Therapy Animals are NOT Service Animals
Our first article in this series provided detailed information on service dogs and miniature horses – yes, horses! This installment is all about therapy dogs and the third and last installment in this series will be about Emotional Support Animals and Psychiatric Service Dogs. As we learned from our first article, a service animal is defined in the Americans with Disabilities Act (ADA) as “a dog that has been individually trained to do work or perform tasks for an individual with a disability. The task(s) performed by the dog must be directly related to the person’s disability.” In March 2011, the ADA was revised to include miniature horses in the definition of “service animal”.
So What are Therapy Animals?
Like service animals, therapy animals can be highly trained, have a variety of tasks and are working dogs but unlike service dogs they are not required or trained to “work or perform tasks for an individual with a disability.” Instead, therapy animals, most often dogs, provide psychological or physiological therapy to people other than their owners or handlers. You may have seen a therapy dog in a nursing home, day care centers, group homes, rehabilitation centers, hospital, school, hospice or therapist’s office and seen the dog interacting with a variety of individuals. Service animals are trained to work for one person with specific disabilities but therapy dogs are trained to work with anyone who needs the unique therapy animals provide to their human companions. Unlike service animals, therapy animals are encouraged to interact with anyone who needs a bit of ‘therapizing’.
Lulu is a therapy dog who works at the Ballard-Durand Funeral & Cremation Services funeral home in White Plains, New York. Her pet parent, who owns the funeral home, was comforted by a fellow traveler’s therapy dog in an airport after missing a flight and realized that a dog would probably provide great comfort to grieving families at the funeral home. Here is a video about Lulu’s work.
Oscar is a therapy cat who became famous for being able to predict – with 100% accuracy – the imminent death of hospice patients! Katie Couric even did an Eye to Eye CBS news report about Oscar’s work.
Cats and dogs are the only animals who can be therapy animals. At Mountain Peaks Therapy Llamas and Alpacas, the animals and their handlers “regularly visit special-needs organizations and classrooms, hospitals, senior communities, and rehab facilities throughout Portland, OR and Vancouver, WA. Research has shown that animals help humans by acting as social bridges, reducing blood pressure, directing thoughts outward, and serving as strong motivators for accomplishing difficult tasks.”
Buttercup is a potbelly pig who works with her human companion, speech pathologist Lois Brady, in Animal Assisted Therapy, helping autistic and special needs children in the San Francisco area.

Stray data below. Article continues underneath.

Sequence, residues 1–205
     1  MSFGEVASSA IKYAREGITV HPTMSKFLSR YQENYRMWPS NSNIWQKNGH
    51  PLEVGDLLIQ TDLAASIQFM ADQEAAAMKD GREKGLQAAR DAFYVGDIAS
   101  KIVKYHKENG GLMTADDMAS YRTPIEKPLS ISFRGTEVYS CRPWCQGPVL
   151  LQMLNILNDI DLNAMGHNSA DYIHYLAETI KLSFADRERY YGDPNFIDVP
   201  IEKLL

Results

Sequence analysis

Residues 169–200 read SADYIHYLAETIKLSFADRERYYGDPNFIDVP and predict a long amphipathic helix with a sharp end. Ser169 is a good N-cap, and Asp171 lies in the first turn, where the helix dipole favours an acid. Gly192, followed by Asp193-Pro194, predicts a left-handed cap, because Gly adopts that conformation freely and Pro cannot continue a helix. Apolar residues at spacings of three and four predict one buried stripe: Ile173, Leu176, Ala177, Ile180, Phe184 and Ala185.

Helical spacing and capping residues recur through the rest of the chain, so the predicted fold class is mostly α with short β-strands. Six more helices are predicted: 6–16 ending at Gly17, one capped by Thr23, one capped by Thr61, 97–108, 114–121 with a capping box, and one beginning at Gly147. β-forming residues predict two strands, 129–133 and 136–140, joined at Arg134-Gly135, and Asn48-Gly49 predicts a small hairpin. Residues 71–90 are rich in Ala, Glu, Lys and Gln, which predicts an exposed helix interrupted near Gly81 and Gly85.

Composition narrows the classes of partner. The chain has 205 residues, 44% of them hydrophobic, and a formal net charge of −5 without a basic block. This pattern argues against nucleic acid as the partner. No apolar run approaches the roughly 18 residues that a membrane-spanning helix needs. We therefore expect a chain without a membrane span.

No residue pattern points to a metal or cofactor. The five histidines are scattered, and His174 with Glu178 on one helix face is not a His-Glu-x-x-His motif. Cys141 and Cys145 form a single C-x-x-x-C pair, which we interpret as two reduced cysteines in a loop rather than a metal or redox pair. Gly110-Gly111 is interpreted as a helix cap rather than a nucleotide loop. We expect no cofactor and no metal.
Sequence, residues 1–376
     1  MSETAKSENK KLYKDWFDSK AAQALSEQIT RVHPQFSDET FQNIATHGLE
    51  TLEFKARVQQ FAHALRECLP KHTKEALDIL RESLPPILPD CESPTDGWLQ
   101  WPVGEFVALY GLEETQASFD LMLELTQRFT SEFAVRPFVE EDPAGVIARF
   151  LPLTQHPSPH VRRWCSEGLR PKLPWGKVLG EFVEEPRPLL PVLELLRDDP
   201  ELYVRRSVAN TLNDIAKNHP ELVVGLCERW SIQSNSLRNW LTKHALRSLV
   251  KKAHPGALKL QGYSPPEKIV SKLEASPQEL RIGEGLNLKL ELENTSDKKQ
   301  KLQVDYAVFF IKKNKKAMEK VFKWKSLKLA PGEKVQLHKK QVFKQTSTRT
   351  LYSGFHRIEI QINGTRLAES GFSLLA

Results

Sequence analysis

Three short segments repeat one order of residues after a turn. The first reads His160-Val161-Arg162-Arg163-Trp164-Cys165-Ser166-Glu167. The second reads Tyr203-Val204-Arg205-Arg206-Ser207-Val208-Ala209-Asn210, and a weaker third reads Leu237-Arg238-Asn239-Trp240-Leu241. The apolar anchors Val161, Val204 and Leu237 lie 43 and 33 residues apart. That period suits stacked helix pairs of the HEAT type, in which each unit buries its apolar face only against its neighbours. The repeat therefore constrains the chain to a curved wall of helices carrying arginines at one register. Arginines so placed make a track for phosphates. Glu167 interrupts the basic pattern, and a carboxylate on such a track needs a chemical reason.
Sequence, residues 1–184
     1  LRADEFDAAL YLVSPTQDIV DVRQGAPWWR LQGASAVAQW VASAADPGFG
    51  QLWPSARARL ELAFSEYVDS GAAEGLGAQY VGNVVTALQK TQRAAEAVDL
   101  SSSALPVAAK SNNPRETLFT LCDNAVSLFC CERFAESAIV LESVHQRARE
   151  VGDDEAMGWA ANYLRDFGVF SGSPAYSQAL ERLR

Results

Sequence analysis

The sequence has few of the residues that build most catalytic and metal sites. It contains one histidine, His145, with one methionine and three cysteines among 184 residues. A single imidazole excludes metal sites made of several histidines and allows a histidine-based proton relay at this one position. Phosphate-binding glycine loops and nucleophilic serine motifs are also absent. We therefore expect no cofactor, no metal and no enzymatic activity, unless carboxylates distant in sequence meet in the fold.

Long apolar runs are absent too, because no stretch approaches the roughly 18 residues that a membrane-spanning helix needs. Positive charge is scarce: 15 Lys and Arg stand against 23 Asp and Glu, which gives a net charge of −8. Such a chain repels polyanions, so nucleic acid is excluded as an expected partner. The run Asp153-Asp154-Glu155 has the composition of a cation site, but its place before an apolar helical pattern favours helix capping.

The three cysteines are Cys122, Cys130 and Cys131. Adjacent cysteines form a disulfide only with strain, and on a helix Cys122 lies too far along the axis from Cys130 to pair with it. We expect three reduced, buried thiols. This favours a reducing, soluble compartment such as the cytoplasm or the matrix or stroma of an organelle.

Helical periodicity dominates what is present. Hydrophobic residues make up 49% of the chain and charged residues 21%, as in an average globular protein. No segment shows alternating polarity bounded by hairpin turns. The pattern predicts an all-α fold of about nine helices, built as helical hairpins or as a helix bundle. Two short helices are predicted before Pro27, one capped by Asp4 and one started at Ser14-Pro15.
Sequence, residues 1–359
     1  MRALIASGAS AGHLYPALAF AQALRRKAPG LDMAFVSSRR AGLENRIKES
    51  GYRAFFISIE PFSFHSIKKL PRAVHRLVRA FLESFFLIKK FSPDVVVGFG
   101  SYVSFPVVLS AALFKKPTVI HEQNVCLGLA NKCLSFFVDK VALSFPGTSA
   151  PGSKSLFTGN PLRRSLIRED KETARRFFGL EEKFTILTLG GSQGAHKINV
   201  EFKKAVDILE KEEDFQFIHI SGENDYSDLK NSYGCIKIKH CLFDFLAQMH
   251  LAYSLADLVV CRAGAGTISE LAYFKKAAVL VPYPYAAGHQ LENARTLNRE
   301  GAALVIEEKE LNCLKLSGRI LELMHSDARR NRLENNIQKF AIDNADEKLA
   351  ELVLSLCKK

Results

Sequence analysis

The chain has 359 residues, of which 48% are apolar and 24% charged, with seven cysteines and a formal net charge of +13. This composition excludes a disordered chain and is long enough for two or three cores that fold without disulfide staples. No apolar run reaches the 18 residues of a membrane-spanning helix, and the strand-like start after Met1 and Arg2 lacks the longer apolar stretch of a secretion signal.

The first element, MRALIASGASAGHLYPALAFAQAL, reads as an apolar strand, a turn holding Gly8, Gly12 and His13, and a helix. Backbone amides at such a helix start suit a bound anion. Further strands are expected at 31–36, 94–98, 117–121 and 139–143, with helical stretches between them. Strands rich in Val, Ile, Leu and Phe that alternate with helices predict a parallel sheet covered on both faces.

As you can see, therapy animals come in all shapes, sizes and types, work in lots of different environments and perform a variety of services for a wide range of people from children to the elderly.
What does it take to become a therapy animal?
Therapy animals must, first and foremost, have the type of temperament which will enable them to interact with a wide range of people, in a variety of settings. If you have an animal you think might be a good candidate to become a therapy animal, here is some information you will want to consider:
- A therapy animal can be trained by anyone and some won’t even need that much training if they are naturally interactive, friendly, patient and empathetic.
- Most therapy animals, especially therapy dogs, do get basic obedience training.
- There are therapy dog registration organizations but remember that even if you do register your dog, she will still not be considered a service dog under the law. See our service dog article for a discussion of applicable regulations and a chart showing the differences between service, therapy and emotional support animals.
- Most of the registration organizations will require current vaccination, annual wellness exams and health records for the therapy animal and will charge an annual or bi-annual registration fee.
- Some businesses and clinical institutions may allow your therapy animal access for the benefit of employees, customers, patients or residents, as the case may be, but you won’t generally have the right to be accompanied by your therapy animal where pets are not permitted.
- Most therapy animals are handled by their owner but some, such as those involved in Animal Assisted Therapy, may be handled by the clinical professional whose patients are being assisted.
Therapy Dog Organizations
There are a number of organizations which will register your companion animal as a “Therapy Animal” but most of them register only dogs. Based on our survey of some of these organizations, therapy dog registration can vary from $30 per year to $95 for a two-year registration. Some registration organizations include liability insurance as part of the registration fee and others do not so be sure to check the benefits offered for the organization you are considering.
Here is a partial listing of therapy dog organizations:
Tell us about your journey
If you and your companion animal decide to go down the therapy animal road, please let us know how you went about it and send us some stories about people you’ve helped and adventures you’ve had.
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